SCOOTING

by Abellio

Vienna, 4 June 2017

Many – many – years ago, when I was but a lad of six or seven, I was the proud owner of a scooter, one of those good old-fashioned scooters which you kick along with your foot. It looked very much like this, although my memory tells me it was blue rather than red.

Honesty impels me to clarify that it was not bought for me. Like many things in our large family where I was towards the tail end, it was a hand-me-down from one of my elder siblings. But I cared not! On this machine I was king of the pavements, sailing along at what seemed to be vertiginous speeds after a series of brisk kicks.

In my memory, the scooter’s use is entangled with a “girl next door”, a girl a few years older than me with whom I would whirl around the local pavements. Her name is gone, her face is a blur, but I think it’s true to say that I had a crush on her. I also had a crash with her, on my scooter. The details are now fuzzy, but I think we were playing a game of follow-me, wherein I was following her every twist and turn. All was going swimmingly well until she suddenly put on the brakes. I ran into her, somehow flipped over the handlebars and landed on my nose. Argh, the pain! the blood! The upshot, as I learned a few days later, when my mother finally took me to see a doctor, was that I had broken my nose.

As readers can imagine, this incident left me with somewhat conflicted feelings about scooters. I suppose I must have continued to use mine for a while, although it disappears from my memory at this point, along with the girl-next-door. Bicycles take over.

In fact, over the years that followed it seems to me that scooters generally lost their popularity with children. I don’t remember seeing many around when I was in my teen and early adult years, my children never emitted the desire to have a scooter, and none of their friends had one. And it certainly was never an adult thing.

So it was with some surprise that I registered, when we came back last September from our seven years in the East, an efflorescence of scooters on the pavements of Vienna. And being kicked along not only by children but also by adults: young adults like this one, who one could argue may not yet have completely grown up

but also by older adults like myself, who in an earlier period I would have said should stop making a fool of themselves in this way.

Now that we have come back up to Vienna for the summer and the weather is getting good, I am struck by the same phenomenon: scooters whizzing by carrying adults.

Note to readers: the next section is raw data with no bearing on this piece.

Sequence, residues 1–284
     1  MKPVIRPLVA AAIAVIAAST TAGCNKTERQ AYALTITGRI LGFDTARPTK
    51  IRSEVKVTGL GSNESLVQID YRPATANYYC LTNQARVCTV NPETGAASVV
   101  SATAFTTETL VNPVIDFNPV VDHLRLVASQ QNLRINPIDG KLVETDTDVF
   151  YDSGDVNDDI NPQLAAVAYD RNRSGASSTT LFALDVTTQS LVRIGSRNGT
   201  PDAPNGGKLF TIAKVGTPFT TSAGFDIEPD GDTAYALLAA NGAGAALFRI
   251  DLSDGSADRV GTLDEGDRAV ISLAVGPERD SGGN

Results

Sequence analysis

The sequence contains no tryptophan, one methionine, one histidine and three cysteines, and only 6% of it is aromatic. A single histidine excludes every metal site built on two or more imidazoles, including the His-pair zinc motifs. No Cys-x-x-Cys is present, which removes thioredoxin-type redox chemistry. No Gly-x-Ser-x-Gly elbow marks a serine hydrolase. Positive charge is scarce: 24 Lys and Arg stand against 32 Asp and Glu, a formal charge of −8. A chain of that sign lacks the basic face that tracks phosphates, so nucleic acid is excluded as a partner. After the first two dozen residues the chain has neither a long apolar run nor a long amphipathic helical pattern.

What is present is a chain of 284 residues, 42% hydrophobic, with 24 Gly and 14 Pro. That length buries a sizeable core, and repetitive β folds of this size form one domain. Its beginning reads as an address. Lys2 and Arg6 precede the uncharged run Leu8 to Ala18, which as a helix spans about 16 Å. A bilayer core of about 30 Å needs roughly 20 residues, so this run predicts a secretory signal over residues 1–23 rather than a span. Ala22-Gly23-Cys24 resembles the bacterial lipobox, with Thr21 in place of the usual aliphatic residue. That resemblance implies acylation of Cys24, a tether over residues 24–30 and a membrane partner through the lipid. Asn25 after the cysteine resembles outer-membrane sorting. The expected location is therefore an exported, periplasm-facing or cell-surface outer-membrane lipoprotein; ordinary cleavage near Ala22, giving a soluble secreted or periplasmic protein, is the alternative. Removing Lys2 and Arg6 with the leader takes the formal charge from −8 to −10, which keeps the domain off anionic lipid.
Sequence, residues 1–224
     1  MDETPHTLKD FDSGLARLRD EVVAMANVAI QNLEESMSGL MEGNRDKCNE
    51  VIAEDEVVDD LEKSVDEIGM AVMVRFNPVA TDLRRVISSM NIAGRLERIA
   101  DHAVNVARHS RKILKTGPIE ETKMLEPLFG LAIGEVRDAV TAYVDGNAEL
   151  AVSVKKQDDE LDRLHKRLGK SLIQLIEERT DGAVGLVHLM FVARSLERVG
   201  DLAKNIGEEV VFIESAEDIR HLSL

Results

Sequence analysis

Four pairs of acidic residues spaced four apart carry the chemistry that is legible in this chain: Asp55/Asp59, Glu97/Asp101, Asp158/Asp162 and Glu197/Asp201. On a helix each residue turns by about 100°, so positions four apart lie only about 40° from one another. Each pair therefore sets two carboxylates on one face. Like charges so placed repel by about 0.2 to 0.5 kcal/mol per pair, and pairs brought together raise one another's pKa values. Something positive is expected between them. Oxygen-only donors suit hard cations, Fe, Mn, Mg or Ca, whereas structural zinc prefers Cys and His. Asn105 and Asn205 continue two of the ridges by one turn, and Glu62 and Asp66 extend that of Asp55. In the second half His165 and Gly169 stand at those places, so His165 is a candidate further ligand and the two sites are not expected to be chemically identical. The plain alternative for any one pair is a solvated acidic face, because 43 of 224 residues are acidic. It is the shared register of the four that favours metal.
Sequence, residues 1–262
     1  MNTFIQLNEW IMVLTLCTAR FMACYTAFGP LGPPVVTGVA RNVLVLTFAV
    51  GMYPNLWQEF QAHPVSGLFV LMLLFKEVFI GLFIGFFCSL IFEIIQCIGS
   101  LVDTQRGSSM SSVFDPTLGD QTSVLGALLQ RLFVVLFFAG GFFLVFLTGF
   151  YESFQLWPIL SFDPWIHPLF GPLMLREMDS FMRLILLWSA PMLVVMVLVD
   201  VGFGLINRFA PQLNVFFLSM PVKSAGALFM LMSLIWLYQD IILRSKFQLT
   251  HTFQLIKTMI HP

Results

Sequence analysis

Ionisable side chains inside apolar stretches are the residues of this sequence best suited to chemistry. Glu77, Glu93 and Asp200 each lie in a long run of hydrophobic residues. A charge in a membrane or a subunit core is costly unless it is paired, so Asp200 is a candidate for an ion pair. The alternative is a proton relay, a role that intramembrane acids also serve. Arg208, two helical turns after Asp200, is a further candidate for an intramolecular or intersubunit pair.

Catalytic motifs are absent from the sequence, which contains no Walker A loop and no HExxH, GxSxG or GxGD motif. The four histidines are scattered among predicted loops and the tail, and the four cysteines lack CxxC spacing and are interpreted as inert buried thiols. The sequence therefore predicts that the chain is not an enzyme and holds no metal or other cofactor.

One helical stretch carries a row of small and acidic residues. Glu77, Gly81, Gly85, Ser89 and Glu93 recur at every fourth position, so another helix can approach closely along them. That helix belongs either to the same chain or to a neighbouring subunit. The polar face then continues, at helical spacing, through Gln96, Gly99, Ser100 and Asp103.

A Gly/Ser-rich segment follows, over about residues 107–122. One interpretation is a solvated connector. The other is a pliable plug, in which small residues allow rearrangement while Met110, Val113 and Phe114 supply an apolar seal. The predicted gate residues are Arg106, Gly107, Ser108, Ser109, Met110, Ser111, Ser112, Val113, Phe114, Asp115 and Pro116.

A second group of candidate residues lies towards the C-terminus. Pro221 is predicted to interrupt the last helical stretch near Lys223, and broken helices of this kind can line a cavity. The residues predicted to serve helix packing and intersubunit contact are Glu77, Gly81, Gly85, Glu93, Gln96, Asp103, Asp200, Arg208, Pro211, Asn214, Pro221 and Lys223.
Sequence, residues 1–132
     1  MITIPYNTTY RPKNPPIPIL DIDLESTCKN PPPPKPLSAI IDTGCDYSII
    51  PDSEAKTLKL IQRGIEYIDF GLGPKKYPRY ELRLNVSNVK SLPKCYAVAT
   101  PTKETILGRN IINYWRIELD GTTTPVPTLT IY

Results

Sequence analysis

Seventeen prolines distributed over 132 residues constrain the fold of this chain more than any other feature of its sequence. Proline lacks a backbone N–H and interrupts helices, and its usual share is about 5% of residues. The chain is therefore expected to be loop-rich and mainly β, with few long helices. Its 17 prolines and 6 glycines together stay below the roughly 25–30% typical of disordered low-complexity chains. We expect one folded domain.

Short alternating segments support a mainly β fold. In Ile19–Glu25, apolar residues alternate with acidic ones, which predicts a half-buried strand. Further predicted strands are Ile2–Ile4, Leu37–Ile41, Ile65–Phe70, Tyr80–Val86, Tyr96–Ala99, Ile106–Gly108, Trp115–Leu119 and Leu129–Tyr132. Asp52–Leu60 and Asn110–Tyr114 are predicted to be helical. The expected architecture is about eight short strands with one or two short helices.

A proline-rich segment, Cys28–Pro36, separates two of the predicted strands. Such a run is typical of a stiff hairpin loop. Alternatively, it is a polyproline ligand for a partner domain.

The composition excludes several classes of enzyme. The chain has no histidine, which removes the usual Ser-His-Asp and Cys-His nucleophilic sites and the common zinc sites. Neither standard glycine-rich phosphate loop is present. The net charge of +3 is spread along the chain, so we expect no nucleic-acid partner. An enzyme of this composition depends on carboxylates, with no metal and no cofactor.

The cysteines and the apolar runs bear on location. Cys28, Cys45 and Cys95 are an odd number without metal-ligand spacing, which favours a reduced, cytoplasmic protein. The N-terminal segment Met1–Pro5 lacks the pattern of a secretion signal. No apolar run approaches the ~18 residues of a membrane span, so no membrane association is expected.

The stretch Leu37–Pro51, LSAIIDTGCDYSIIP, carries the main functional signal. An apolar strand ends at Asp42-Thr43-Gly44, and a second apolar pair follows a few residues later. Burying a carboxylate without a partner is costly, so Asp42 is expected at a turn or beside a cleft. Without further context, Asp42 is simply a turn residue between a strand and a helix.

Clearly, something is up! Surfing the web, I get the impression that the trend towards adults getting on scooters has to do with beating traffic jams to get to work and doing some healthy exercise while you’re at it (although the growing use of electric scooters rather undermines this last part).

Before I’m accused of sexism, I quickly throw in a picture of a businesswoman with a scooter, although this picture is obviously posed.

It helps a lot that scooters are easily foldable

so that there are no parking problems and one can walk into one’s office (or cubicle, if that’s the company’s culture) casually carrying the scooter under one’s arm.

As usual, once something catches on the designers move in and start offering cool designs. From this, which seems to be the fairly standard design although in quite cool colours

we have this, an electric version

or this big-wheel design

(which rather reminds me of penny-farthing bicycles of yore).

Big wheels makes me think of fat wheels

while here we have a Y-shaped design, which is moved by a scissor-motion of the legs.

This is an interesting one, a luggage scooter.

In airports, you can drop down the platform and back wheel attached to the suitcase and whizz along to your gate. This last one is unutterably cool although I’m not quite sure how you are meant to ride it.

There are many more designs out there but I’ll leave it at that.

I think my wife and I need to get into this new trend, so that we too can zip by normal pedestrians, our hair fluttering in the wind. I casually asked her a few days ago if she had had a scooter as a child, to which she said no. This is going to make it tricky to persuade her to try since I feel that a residual nostalgia (and acquired expertise) from childhood would make it easier to accept looking a trifle silly on scooters at our venerable age. But nothing ventured, nothing gained, as they say.

________________
Old scooter: http://www.20th.ch/les_jouets_de_notre_enfance.htm
Young man on electric scooter: http://www.funshop.at/produkte/inmotion-3/inmotion-l6/
Older man on electric scooter: http://www.stadt-wien.at/lifestyle/elektro-scooter-test.html
Businessmen on scooters: https://thegobblerpapers.wordpress.com/tag/scooter/
Businesswoman with scooter: https://www.pinterest.com/pin/439312138625936673/
Folded scooter: https://www.nycewheels.com/micro-scooter-review.html
Normal scooter with cool colours: https://mobile.willhaben.at/object/186524698/
Cool electric scooter: https://www.pinterest.com/baylissw/kick-scooter/
Cool scooter with big wheels: http://www.tretrollershop.at/fs_sport_classic.html
Penny-farthing: https://en.m.wikipedia.org/wiki/Penny-farthing
Cool electric scooter with fat wheels: https://www.pinterest.com/pin/439312138625936673/
Y-shaped scooter: https://www.nycewheels.com/micro-scooter-review.html
Luggage scooter: http://www.toxel.com/tech/2012/02/25/scooter-luggage/
Unutterably cool scooter: http://design720.com/category/g5/page/2

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